It’s an age, not of destruction, but distraction, and with that comes a lot of anxiety. How could I be the only one that doesn’t know that most American car horns honk in the key of F? How could I have missed that vague reference to the movie where the famous voice actor turns into a can of vegetables? What if someone in my newsfeed is having more fun than me? How did I not know it was your birthday when my app is supposed to inform me of all pertinent knowledge about your life? Why would I ever need to define things about myself when popular culture can do it all for me?
It’s seriously overwhelming to consider the vast realm of possibility that is missed every single second that you’re not plugged in to the social media machine. I mean, seriously, if I can’t validate my existence by generating at least 50 likes per day, I’m not doing the 21st century correctly.
Recently, my paternal grandmother began blogging. She’s a writer, so she writes about writing and reading and incorporates a lot of her own history into her posts.
I’m honestly amazed just how much has changed within her lifetime, especially the availability of pretty much everything. Books and paper to write on were precious treasures to my young grandmother, and such things were rarely taken for granted.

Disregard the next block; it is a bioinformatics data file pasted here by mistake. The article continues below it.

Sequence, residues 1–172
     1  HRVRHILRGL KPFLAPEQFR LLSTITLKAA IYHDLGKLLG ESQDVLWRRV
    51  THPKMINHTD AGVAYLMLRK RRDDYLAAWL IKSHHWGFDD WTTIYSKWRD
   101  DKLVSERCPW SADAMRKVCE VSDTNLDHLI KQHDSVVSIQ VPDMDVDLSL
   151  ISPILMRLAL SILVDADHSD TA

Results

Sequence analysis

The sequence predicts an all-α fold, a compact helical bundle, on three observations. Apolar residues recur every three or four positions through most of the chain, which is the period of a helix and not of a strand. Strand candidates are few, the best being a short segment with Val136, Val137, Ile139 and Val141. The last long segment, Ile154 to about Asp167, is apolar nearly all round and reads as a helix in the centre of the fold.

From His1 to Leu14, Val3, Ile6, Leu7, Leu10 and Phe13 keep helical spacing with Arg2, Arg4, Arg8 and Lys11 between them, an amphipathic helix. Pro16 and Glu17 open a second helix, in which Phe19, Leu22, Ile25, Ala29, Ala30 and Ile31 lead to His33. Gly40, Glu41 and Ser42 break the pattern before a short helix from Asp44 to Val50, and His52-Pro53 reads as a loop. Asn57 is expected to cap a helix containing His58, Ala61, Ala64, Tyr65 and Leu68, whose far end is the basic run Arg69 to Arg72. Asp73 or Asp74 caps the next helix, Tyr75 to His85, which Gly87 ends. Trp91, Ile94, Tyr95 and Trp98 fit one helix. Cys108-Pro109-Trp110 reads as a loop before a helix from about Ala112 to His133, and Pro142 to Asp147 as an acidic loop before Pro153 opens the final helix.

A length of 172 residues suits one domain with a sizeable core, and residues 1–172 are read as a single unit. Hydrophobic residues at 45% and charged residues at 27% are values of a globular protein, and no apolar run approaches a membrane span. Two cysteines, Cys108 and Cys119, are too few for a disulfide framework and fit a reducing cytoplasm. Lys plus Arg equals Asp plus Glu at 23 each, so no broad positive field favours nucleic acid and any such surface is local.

Back in the times before our social revolution, it wasn’t weird to drop by someone’s house or write them a letter. These days, if someone says they’re writing a letter the rational follow-up question is ‘how’d they end up in prison?’ The phone call has also seen major upheaval, because why take the time to focus on actually talking to someone for minutes at a time when you could just take seconds to send a text whenever you want?
I know, I know, get with the times, things change and my groaning about the ways we cowardly communicate changes exactly nothing. There’s just this serious lack of respect for generally everything that is difficult to ignore. In our first-world culture, possessions are so replaceable that it’s difficult to remember to be grateful for what you have.
I actually love technology and all the ways it provides us ways to synergize our creativity, but it’s like anything else, it’s how you use it that matters.
Personally, I long to unplug from the social media monster and return to simpler times when I would never take even a piece of paper for granted.
Sinclaire Sparkman is The Democrat’s news editor. Email her at [email protected] and follow her on Twitter @wilsoncoreports.